Home Asia Will the Poland-Belarus Border Emergency Become Permanent?

Will the Poland-Belarus Border Emergency Become Permanent?

BOBROWKA, Poland—In this village on the Polish border with Belarus, clusters of homes and wooden barns stand next to hastily constructed military outposts built out of wooden pallets, steel barrels, and tarps, many of which are proudly flying red-and-white Polish flags. Beyond these reinforcements stands the border fence, fortified with several layers of concertina wire.

Wiera Aleksiejuk, a woman in her late 70s, can see across the Belarusian border from the door of her house, which lies less than 300 feet from the fence itself. Sitting on her front steps last month, she turned her attention to the wooden gate of her front yard, where a group of visiting journalists had started to gather.

“I see they finally let you in,” she said with a friendly laugh.

Ever since Sept. 2, 2021, when Poland’s government announced a state of emergency along its border with Belarus as a result of the ongoing migration and security crisis there, an exclusion zone has existed along the frontier that has barred journalists, relief groups, and nonresidents from accessing the area. New regulations were implemented on Dec. 1, and although the status quo on the ground has largely continued unchanged, the Polish Border Guard has begun granting journalists limited access to the border zone as part of supervised tours.

Foreign Policy joined one such tour of the vicinity of the Polish border town of Czeremcha. The Border Guard presented little that was unexpected—the shuttered border crossings, sleepy villages like Bobrowka where soldiers keep the peace, and fences damaged by Belarusian guards to allow groups of migrants to cross the border spoke to the significant security challenges that Belarus has presented to Poland’s sovereignty, and fit well with the government’s projection of strength around the crisis.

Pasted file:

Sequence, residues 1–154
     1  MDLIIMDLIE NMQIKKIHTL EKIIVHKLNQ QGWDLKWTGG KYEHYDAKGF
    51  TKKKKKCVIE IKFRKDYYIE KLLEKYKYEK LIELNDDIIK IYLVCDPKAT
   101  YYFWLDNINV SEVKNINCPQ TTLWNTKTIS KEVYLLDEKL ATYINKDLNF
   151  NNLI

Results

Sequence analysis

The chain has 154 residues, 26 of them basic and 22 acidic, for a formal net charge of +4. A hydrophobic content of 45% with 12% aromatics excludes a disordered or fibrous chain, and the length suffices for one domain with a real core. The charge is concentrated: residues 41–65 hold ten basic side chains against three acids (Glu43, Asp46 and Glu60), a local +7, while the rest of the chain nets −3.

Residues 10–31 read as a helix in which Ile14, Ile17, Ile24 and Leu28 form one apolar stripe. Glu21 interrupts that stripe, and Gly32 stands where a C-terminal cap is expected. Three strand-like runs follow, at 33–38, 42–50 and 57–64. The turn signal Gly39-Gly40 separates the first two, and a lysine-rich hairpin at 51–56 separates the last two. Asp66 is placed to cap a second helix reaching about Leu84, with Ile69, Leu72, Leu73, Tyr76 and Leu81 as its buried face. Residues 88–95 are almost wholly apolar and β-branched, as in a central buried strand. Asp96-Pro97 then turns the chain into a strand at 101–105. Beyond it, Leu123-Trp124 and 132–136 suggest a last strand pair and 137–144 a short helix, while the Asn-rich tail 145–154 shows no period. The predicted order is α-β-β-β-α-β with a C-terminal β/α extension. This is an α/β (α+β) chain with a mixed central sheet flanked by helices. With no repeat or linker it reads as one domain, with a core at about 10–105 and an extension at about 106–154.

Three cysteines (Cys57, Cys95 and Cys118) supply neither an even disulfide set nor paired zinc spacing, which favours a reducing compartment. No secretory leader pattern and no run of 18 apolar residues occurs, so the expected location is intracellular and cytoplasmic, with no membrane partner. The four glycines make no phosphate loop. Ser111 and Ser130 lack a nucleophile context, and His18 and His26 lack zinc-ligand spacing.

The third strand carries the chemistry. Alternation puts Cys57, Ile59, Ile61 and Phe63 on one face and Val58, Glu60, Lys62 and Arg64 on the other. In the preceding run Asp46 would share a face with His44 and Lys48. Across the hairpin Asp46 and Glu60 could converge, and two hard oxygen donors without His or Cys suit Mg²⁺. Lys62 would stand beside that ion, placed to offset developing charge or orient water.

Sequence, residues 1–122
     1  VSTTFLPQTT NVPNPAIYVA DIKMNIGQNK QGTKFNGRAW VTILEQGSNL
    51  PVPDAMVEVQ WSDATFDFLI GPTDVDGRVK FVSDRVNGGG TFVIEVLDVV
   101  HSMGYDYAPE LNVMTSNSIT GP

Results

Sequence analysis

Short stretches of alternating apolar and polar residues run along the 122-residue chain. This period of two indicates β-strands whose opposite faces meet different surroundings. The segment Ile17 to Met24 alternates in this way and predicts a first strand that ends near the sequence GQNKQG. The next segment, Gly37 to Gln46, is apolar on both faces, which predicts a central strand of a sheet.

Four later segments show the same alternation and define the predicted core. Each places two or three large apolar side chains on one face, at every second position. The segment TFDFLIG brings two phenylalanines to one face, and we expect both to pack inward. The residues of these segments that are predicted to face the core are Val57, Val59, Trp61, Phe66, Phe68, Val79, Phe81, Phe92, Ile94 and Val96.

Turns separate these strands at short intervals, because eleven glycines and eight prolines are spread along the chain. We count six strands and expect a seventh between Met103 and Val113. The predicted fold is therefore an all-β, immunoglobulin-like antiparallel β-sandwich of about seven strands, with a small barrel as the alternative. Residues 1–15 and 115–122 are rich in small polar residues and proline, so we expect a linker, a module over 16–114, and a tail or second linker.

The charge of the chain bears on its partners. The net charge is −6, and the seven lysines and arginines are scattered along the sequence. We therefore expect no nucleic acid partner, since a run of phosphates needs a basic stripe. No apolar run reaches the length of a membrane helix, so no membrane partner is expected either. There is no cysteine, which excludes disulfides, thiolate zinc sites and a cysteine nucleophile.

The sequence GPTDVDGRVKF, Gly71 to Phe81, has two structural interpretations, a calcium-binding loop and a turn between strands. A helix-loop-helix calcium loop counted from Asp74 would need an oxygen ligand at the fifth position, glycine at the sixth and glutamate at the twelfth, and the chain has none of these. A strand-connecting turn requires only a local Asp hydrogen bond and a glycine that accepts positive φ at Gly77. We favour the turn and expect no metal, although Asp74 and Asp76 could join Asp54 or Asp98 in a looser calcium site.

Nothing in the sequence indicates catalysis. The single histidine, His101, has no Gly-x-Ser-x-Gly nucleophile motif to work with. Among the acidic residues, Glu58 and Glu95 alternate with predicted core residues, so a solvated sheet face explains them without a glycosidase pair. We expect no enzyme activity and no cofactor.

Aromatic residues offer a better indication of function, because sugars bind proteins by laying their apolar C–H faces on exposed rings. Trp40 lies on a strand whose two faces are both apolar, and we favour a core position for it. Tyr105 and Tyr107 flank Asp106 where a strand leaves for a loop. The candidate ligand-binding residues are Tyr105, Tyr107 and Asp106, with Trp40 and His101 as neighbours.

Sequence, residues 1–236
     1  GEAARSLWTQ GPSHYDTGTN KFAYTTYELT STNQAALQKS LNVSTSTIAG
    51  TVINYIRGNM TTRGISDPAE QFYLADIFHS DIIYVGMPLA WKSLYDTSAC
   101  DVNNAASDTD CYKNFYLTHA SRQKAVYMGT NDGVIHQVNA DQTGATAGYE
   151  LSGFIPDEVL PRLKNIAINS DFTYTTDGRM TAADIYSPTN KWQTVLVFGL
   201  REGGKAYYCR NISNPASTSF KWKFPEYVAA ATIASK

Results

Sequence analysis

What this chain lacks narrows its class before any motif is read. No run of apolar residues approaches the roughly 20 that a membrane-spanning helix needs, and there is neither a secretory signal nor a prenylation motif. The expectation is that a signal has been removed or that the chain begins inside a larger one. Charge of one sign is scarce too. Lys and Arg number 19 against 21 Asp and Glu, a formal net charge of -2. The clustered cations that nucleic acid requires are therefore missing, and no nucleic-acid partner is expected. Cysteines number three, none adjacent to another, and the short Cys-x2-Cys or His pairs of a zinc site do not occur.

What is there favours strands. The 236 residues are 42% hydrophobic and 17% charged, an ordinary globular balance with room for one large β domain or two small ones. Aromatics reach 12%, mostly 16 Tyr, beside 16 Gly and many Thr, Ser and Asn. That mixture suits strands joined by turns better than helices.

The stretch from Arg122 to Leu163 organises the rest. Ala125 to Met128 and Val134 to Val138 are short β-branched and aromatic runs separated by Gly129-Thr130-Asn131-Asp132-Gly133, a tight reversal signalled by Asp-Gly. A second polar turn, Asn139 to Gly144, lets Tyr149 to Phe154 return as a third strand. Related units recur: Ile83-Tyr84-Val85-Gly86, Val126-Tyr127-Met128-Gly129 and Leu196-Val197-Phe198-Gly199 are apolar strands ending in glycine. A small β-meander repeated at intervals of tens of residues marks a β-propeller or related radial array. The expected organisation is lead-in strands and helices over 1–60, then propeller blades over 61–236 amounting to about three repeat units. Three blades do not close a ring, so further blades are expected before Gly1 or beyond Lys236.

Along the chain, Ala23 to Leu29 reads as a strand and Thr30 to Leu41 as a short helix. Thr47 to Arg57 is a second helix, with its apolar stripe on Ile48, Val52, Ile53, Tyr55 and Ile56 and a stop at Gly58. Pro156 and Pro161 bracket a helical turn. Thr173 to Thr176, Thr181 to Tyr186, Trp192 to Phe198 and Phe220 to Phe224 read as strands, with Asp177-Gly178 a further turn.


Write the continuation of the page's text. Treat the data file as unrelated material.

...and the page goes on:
Yet another side of the crisis remained hidden from view during the official tour: people hiding in frigid forests after being coerced into crossing into Poland by the Belarusians, Polish authorities pushing migrants back across the border in contravention of international law, and residents risking condemnation in their communities and possible arrest for helping migrants make their way across the zone. Even though the number of crossing attempts has diminished over the last few weeks, Polish authorities will maintain the current security restrictions through at least March and have formally commissioned the construction of a permanent barrier along the border with Belarus.



Two Polish soldiers patrol near the Poland-Belarus border.

Two Polish soldiers patrol near the Poland-Belarus border on Dec. 13, 2021. Michal Kranz for Foreign Policy

The visit began at the Polowce-Pieszczatka border crossing, which has been fortified with barriers and barbed wire ever since early November 2021, when clashes erupted at the Kuznica border crossing between Polish police and migrants who were reportedly given stun grenades by Belarusian forces. As journalists snapped photos and filmed, two Belarusian border guards were visible trying their best to stay hidden from the cameras.

“Before this whole situation, relations were very good,” said Border Guard Capt. Krystyna Jakimik-Jarosz, speaking about previous levels of cooperation between the Polish and Belarusian border guards in front of a tangle of concertina wire at the crossing. “Every year, we even took part in kayaking meets together.”

This relationship is now a distant memory. Since last summer, Belarusian border guards have been facilitating illegal crossings of the Polish border as part of Belarusian leader Aleksandr Lukashenko’s ploy to foment a migrant crisis on the European Union’s eastern border in order to extract political and economic concessions from Europe—something he has failed to achieve so far.

In the weeks before the media visit, the Czeremcha area saw frequent confrontations between Belarusian border guards and their Polish counterparts. The seven-day period preceding the tour saw nearly nightly crossing attempts, during which the Belarusians damaged the fence and used lasers to temporarily blind Polish guards—a tactic they have reportedly used frequently throughout the crisis.

The tour group soon arrived at the location of such a clash that took place on Nov. 16, 2021. Here, the chain of barbed wire ran over a set of train tracks that were surrounded by wooden shards and other debris that had apparently been thrown at Polish Border Guards by migrants while their Belarusian hosts had assisted with their lasers.